Figure 11: Boat image ( ). (a) Noisy image corrupted by Gaussian noise for . (b) Original image. (c) Our algorithm by AOS, , (15 steps). (d) Our algorithm by PMS, (170 steps). (e) PM algorithm, , (115 steps). (f) TV algorithm, (710 steps).

Figures 3, 4, and 5 illustrate the proposed model is able to reconstruct sharp edges and nonuniform regions while avoiding staircasing. TV-based diffusion reconstructs sharp edges, but the staircasing effect is clear evidence. PM-based diffusion also reconstructs sharp edges but creates isolated black and white speckles in the denoise image. The proposed model reconstructs sharp edges as effectively as PM-based diffusion and recovers smooth regions as effectively as pure isotropic diffusion (in particular, without staircasing). The denoising performance results are tabulated in Table 1 where the best PSNR and MAE value is shown in boldface. The PSNR improvement brought by our approach can be quite high particularly for (see, e.g., Figures 5, 8, and 11) and the visual resolution is quite respectable. But even for , the PSNR of our algorithm can be higher than that of PM and TV methods.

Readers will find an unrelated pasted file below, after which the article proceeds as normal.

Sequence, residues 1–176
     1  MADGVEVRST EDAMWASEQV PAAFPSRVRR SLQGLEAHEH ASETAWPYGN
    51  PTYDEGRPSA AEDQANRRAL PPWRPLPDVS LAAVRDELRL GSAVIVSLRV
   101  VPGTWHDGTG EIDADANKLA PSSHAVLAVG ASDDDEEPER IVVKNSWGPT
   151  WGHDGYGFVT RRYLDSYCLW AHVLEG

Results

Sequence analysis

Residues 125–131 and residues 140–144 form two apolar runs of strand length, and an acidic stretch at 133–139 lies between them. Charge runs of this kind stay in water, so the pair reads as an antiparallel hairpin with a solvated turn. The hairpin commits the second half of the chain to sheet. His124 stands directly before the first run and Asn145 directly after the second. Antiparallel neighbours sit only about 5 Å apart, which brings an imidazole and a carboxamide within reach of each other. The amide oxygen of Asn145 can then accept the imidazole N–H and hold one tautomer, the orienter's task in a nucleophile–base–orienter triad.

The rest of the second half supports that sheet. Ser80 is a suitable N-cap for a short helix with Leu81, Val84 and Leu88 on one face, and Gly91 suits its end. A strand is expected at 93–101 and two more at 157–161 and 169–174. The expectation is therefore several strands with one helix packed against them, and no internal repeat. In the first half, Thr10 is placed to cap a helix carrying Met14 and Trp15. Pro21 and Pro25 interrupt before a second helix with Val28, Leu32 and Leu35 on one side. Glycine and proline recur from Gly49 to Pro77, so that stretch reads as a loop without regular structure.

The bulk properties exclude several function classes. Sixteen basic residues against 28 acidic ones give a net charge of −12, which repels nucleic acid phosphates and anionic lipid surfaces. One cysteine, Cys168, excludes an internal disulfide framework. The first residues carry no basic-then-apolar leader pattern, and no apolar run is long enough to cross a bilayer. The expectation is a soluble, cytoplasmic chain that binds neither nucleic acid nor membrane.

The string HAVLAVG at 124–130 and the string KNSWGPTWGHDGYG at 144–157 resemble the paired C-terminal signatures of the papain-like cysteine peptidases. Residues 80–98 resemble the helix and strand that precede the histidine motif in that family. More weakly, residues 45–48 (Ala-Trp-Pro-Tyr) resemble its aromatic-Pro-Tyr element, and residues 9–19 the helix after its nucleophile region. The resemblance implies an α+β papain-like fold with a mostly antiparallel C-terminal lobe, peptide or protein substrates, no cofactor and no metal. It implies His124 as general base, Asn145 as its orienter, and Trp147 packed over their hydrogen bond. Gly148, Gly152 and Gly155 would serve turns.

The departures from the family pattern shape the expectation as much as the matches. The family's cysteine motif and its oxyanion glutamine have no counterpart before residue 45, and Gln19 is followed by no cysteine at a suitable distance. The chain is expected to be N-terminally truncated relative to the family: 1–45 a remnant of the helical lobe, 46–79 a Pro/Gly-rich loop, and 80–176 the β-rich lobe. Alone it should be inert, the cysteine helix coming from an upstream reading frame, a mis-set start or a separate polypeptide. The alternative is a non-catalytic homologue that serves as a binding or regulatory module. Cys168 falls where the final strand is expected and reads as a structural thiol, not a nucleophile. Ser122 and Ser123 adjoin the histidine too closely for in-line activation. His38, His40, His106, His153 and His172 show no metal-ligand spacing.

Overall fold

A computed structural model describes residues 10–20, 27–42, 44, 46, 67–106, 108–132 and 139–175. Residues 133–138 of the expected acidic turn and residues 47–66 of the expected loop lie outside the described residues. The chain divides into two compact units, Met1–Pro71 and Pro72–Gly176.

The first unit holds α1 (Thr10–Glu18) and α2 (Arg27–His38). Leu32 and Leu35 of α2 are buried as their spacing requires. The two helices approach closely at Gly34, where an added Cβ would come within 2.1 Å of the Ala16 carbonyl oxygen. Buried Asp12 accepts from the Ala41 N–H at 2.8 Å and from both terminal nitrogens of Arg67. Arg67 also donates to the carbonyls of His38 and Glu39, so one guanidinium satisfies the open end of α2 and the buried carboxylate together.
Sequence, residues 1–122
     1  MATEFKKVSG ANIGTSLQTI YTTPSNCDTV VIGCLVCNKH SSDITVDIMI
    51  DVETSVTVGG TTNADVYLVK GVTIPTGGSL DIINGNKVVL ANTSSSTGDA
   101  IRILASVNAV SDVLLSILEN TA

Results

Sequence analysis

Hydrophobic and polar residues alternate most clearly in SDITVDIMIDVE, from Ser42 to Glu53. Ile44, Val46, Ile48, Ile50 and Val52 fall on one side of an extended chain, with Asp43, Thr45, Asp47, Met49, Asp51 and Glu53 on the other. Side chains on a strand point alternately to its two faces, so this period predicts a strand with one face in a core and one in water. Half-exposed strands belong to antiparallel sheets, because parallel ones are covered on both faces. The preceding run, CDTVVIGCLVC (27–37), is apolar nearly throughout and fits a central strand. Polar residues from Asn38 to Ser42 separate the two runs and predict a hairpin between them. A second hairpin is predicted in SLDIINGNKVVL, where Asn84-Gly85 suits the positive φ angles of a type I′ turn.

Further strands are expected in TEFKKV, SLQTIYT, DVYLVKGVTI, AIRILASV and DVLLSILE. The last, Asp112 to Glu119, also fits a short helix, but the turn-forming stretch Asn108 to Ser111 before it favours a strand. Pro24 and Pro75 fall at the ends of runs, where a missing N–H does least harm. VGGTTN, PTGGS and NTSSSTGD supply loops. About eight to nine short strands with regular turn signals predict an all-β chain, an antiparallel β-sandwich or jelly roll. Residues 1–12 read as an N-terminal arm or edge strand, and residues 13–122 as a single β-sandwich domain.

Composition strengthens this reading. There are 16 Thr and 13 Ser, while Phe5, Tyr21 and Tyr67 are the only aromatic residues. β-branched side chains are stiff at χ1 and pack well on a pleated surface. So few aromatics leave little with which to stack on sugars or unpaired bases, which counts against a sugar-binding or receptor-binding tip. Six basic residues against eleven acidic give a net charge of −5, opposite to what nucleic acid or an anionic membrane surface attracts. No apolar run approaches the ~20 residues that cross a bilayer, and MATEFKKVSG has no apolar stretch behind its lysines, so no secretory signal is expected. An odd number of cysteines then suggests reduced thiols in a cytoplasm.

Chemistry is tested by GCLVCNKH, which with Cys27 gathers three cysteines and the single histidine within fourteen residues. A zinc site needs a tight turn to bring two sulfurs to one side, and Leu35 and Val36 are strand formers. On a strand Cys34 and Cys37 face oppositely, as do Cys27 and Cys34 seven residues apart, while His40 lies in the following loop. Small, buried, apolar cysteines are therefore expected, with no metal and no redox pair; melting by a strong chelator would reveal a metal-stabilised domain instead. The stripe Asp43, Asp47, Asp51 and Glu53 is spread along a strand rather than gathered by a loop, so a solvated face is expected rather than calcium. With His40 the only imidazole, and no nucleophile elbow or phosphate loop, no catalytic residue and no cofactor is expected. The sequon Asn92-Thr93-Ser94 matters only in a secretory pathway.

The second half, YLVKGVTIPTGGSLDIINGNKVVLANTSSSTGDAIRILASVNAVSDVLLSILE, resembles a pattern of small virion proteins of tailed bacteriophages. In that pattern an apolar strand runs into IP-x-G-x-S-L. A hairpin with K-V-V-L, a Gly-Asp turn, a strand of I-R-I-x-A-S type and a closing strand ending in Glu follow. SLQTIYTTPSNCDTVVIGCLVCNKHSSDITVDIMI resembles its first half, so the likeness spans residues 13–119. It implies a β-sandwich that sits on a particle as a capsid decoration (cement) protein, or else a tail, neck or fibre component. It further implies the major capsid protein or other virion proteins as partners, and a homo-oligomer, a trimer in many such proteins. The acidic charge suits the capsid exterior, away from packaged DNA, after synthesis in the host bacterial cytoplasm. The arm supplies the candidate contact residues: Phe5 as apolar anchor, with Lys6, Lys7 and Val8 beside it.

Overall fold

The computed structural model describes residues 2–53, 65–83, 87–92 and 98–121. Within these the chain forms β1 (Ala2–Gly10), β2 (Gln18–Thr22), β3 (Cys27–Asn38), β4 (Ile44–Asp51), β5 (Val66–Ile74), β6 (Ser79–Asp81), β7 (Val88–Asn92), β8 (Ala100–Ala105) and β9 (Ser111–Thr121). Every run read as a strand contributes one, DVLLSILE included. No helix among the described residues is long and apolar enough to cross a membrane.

tab1
Table 1: PSNR, MAE, and CPU time (seconds) of all methods.

Table 1 summarizes the computational times for all algorithms. From [47], we know the AOS is a high efficient algorithm. It is less than twice the typical effort needed for an explicit scheme, a rather low price for gaining absolute stability. Moreover, the new algorithm by AOS scheme performs high PSNRs on real images (Figures 6, 7, 8, 9, 10 and 11).

8. Conclusions

This work proposes quite an original, efficient method for noise removal. Noise removal is a difficult problem that arises in various applications relevant to active imaging system.